As for when children ask questions that they are not mature enough to handle or understand the answer, there are ways to answer questions like this without lying. It is possible to present a partial answer and still not lie. Withholding certain information is not the same as lying. For example, consider that after work I went to Wal-mart and filled a prescription and after some searching, bought a few groceries. If someone asked me what I did after I left work before I arrived home, I would probably just simply say that I stopped by the store or that I went to Wal-mart. Is that all I did? No. I did not tell them that I parked my car at the store, walked in, got a buggy, went to the pharmacy, etc. Did I lie? Of course not. I was not trying to deceive the person at all. I just gave a short answer that was truthful.
     
  18. dntccc

    dntccc
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    The question was not if those that grew up being taught that Santa, etc. were real did not trust their parents after the truth was discovered. The question was is this lying.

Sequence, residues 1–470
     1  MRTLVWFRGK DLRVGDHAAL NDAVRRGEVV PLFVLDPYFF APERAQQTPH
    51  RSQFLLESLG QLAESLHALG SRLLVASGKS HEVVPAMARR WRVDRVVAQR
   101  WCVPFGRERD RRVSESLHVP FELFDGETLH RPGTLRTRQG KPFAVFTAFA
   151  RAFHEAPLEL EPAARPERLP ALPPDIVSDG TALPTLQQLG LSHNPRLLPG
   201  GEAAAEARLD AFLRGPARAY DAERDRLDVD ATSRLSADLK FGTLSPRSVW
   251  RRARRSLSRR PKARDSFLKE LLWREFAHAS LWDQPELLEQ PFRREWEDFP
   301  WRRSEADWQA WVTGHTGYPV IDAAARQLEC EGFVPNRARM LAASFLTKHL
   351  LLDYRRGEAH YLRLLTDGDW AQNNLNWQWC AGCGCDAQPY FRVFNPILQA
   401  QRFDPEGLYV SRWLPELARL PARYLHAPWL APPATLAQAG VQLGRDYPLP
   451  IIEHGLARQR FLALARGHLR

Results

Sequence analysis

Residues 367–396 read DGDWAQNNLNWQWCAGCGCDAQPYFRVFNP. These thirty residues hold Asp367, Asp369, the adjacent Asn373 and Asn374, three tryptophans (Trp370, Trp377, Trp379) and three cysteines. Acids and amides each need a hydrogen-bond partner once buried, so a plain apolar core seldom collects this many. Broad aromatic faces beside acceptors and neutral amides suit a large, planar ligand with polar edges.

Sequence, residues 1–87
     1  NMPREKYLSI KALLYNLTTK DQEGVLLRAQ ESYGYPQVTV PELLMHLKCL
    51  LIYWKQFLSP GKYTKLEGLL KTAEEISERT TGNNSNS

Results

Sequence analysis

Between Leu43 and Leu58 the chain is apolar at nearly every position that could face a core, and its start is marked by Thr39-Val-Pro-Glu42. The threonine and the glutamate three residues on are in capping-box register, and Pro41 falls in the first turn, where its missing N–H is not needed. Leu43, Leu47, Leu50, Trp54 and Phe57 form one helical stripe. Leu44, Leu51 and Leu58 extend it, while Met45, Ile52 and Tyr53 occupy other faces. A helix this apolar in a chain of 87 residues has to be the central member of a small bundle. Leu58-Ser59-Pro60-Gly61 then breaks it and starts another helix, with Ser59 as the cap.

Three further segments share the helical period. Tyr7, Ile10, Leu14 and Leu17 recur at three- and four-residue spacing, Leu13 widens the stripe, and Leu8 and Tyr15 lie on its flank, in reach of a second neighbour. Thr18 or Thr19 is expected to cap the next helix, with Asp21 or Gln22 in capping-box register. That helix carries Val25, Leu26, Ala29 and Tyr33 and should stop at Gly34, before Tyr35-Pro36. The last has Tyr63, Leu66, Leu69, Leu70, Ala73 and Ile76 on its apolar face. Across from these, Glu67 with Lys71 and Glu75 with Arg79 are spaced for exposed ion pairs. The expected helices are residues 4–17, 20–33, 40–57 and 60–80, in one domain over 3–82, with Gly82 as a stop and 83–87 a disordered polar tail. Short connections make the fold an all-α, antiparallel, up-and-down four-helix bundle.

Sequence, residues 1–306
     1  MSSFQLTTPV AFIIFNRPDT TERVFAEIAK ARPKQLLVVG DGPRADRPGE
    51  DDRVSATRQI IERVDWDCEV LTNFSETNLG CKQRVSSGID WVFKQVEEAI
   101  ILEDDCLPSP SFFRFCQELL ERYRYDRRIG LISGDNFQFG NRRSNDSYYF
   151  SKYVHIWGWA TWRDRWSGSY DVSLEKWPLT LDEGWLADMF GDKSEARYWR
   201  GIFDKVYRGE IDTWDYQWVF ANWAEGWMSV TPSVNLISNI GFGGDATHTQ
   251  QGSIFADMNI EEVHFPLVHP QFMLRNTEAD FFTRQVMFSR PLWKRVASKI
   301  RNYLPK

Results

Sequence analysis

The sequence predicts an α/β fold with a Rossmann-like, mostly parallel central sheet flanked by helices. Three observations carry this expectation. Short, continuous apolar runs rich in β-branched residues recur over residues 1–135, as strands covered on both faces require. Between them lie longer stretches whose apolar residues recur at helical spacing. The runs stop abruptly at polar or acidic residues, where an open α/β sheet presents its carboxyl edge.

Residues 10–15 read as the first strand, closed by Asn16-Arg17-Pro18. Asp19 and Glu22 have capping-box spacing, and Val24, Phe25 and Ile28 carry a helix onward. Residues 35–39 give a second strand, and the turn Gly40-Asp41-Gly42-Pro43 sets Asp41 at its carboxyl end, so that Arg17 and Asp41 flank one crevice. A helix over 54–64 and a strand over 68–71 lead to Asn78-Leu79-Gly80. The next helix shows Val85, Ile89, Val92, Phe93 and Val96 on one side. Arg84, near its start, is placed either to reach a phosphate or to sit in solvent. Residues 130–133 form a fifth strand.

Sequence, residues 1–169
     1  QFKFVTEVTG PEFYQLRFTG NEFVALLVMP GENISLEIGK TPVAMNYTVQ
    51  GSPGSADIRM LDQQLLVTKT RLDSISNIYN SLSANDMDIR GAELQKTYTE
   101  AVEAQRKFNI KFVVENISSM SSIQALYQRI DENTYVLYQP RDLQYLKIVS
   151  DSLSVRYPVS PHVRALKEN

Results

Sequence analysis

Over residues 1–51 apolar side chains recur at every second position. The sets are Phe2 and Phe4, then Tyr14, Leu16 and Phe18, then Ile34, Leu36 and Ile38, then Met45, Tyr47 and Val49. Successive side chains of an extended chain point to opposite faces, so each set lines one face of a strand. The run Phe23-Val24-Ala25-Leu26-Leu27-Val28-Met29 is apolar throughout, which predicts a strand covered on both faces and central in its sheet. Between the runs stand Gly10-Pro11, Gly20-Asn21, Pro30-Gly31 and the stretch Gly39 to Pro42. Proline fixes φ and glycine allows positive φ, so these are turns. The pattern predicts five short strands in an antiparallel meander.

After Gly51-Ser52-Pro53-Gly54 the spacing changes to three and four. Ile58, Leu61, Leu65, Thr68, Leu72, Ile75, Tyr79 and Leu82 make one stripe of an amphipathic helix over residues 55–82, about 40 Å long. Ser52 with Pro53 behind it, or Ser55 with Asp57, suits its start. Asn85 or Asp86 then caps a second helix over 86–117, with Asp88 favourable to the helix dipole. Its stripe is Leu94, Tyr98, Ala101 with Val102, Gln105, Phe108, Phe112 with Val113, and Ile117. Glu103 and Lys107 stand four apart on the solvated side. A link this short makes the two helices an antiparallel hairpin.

I understand that some people may think (and by this I do not mean that you think this) that this type of lying is ok or that it is not lying because it is just for fun and does not usually cause any harm. However, no where that I am aware, does that Bible teach that this is the case.
     
  19. DeeJay

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    I do not go out of my way to tell my kids that there is not really 3 pigs and a big bad wolf. I dont go out of my way to tell them it is true. I do however tell them the story of Jesus' birth and tell them this really happened.

    Anyway the reason I bring this back to the top.

    On Saturday we were in the mall for some shoping. My kid (4 year old) seen the bunny and wanted to sit on its lap. She had a good time, cute pictures. When we were leaving she said "Dad, I saw a person in that bunny. I saw eyes in its mouth" I asked her, oh yea what do you think about that? She said " I think that is the person who plays the Easter bunny." I told her your probably right. She knows, but she wants to play along.
     
  20. menageriekeeper

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    Eew! "Eyes in it's mouth"!

    That is not a pretty picture! ;) [​IMG] [​IMG]